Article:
J – Jobs: 107,000 bioscience jobs – good-paying and growing. Arizona has nearly 107,000 bioscience jobs, based on 2012 industry data, and the sector contributes an estimated $36 billion in revenue to the state’s economy, according to a study by the Ohio-based Battelle Technology Partnership Practice. Hospitals account for 83,000 of those jobs and $22 billion of the revenue. Arizona’s average annual wage in the bioscience sector is $62,775, 39 percent higher than the private-sector average, the report said. Not counting hospital jobs, the average wage for bioscience jobs jumps to $85,571. (2013 data).

K – Kalos Therapeutics is building a promising platform for future drug discovery. Start-up innovator Michael Kozlowski, OD, Ph.D., chief science officer of Kalos Therapeutics, explains that their focus on transforming the atrial natriuretic family of peptides engages a natural biochemical mechanism. This approach holds promise for people with pancreatic cancer because it results in a more complete response, reduced side effects and improved safety and a longer period of effectiveness.

L – Let’s leverage every resource, strength, collaboration and person we’ve got! Arizona’s bioscience industry is aiming to increase research revenue for institutions statewide by 69 percent over the next decade to $782 million and attract additional anchors for the sector.

M – Medtronic models aggressive, needs-focused growth. Keynote speaker Ron Wilson, vice president and general manager of the Medtronic Tempe campus made it clear that passion for people runs through his veins. Locating a small manufacturing facility here in 1973, the company’s facility today covers 30 acres, has 900 employees and generates $17 billion in revenues. How do they do it? We follow our founder’s vision still: We understand what the unmet needs are and we apply our knowledge for the good of people all over the world.”

N – Next Level. “Arizona has made unprecedented progress over the last decade in developing the talent, building research infrastructure, and growing its base. Taking it to the Next Level will require new collaborative partnerships, forward looking leaders, and aggressive investments from both the public and private private sectors to take our place in the top tiers globally,” shared Koerber-Walker. ”Now is our time. Let’s get it done!”

O – Orphans no more. Valley fever, considered an orphan disease, hits about 150,000 people a year – 60 percent live in central Arizona. Current treatments have major shortcomings, with about 60 percent of those treated being unresponsive. The result is 2,000 serious cases and 150 deaths a year. It affects pets in nearly equal proportion. David Larwood, CEO of Valley Fever Solutions, has some answers. His company is developing Nikkomycin Z (NikZ) as a dramatically superior potential cure for Valley Fever. To help raise awareness and prevention, the Arizona Board of Regents created Valley Fever Corridor project, a public health program led by University of Arizona College of Medicine’s John Galgiani, MD, who is also the chief medical officer for Valley Solutions.

P – Policymakers are on board. Gov. Jan Brewer’s time is coming to a close and it’s time to decide which candidate can bring their best to bioscience. Recognizing that the Arizona bioscience sector is growing at four times the rate of the national average, candidates Christine Jones, Doug Ducey, Fred Duval, Ken Bennett and Scott Smith shared their ideas on how to ramp up funding and revenues in 90-second videos. Koerber-Walker says, “The most important thing we can do this summer is vote in the primaries.”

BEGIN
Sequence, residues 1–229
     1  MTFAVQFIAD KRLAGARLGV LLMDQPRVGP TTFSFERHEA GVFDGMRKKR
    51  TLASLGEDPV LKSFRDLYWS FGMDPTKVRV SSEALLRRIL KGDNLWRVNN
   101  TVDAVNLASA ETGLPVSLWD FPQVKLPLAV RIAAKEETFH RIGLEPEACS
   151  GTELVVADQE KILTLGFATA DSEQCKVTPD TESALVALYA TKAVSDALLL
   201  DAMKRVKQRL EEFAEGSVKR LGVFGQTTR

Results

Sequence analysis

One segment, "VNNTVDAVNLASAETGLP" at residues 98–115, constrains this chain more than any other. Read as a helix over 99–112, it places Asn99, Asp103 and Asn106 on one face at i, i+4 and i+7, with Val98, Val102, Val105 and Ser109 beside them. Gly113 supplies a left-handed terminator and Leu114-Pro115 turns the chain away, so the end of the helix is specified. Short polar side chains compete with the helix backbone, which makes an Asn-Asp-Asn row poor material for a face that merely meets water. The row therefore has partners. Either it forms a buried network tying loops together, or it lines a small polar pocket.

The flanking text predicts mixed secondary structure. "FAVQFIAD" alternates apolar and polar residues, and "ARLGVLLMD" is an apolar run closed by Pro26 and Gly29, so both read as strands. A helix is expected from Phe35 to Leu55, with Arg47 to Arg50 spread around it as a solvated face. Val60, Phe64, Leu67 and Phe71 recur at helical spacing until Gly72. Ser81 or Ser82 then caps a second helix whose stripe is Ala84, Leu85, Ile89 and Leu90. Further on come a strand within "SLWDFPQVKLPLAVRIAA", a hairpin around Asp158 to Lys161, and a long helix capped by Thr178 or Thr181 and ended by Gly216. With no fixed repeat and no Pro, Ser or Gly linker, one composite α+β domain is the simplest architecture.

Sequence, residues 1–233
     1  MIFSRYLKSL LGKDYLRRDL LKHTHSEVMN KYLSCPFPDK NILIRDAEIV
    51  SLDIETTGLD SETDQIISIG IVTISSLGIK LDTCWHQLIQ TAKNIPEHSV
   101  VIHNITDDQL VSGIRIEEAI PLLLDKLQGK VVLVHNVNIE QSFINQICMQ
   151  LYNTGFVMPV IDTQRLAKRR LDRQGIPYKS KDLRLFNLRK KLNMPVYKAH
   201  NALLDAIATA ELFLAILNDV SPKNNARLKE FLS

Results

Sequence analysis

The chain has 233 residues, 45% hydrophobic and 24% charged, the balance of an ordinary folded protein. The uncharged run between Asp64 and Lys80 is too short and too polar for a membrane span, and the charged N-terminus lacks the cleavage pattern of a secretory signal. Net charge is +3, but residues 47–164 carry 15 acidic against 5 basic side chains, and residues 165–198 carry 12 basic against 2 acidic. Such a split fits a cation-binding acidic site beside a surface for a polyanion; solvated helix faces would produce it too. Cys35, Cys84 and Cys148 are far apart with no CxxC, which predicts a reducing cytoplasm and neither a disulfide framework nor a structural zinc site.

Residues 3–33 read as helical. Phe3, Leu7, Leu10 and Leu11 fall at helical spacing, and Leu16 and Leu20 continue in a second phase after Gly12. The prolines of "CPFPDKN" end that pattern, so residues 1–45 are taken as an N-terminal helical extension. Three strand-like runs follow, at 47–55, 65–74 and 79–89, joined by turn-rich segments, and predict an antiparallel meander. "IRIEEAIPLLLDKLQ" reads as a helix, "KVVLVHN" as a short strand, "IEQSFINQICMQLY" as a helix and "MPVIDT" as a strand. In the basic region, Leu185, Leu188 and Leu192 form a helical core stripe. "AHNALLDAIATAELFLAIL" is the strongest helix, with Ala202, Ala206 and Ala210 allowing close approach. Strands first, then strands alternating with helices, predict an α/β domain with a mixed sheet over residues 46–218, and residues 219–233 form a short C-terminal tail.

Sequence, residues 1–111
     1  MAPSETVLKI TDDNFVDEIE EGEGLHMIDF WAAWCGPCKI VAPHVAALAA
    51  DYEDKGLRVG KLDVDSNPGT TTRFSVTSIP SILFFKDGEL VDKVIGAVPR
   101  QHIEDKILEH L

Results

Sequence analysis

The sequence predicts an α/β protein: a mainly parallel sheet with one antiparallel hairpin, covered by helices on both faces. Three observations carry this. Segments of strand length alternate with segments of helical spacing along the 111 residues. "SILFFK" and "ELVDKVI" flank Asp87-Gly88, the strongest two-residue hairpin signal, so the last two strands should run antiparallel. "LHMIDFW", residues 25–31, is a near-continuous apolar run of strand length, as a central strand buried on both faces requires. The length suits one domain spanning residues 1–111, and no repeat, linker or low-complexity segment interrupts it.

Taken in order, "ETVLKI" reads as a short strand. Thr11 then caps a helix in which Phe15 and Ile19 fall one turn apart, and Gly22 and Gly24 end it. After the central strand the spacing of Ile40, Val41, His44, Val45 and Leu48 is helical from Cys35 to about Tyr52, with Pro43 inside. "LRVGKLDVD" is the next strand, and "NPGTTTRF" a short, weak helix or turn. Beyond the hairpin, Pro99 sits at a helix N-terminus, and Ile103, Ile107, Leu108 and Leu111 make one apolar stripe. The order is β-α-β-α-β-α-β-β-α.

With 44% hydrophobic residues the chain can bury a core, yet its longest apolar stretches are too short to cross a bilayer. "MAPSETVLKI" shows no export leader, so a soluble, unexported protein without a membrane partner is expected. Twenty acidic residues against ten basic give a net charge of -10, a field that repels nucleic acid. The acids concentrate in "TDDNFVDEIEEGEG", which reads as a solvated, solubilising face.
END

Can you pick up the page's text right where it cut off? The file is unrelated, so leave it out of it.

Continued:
Q – Cues: Here are a few Q’s for success. Some lessons learned, courtesy of Robert Penny:

Make sure you have:

Complementary skills and expertise
Trust
Interpersonal chemistry (It’s better to navigate bumps in the road with people you trust than people you don’t!)

Pick the right projects:

Big enough to be worthy of your efforts
Complex enough to need partnerships
Audacious enough to move the field

R – Remembering Polio: Can Looking Back Catapult Us Forward? How did we cure the world of polio? What did it take to conquer the most feared disease of the 20th Century? What threatens our world today and how can we continue to keep people healthy with the right vaccines, for the right person at the right time? Gaspar Laca, state government affairs director at GlaxoSmithKime, engaged David Larwood, CEO and president of Valley Fever Solutions (and a person who has been directly affected by polio) and Rep. Debbie McCune Davis, executive director of The Arizona Partnership for Immunization, in a rousing discussion of what’s happening in Arizona today, the mounting threats of the ”vaccine exemptors,” and what we need to do now. (See Vaccines.)

S – Shoes. Did you see those shoes? “Give a girl the right shoes and she can conquer the world!” Enough said.

T – Tucson’s Critical Path Institute creates new tools. A jewel in the bioscience crown – and located right here in Arizona! The Critical Path Institute (C-Path) is a breakthrough organization, creating a new movement: “consensus science.” Keynoter Martha Brumfield. Ph.D, president and CEO, shared what can be achieved when people come together with the belief that a “rising tide floats all boats.” Working to improve the unacceptable 95 percent failure rate in the testing of new drug therapies, C-Path is improving medical product development efficiencies by identifying pathways that integrate new scientific advances into the regulatory review process. Check out their Alzheimer’s clinical trial simulation tool.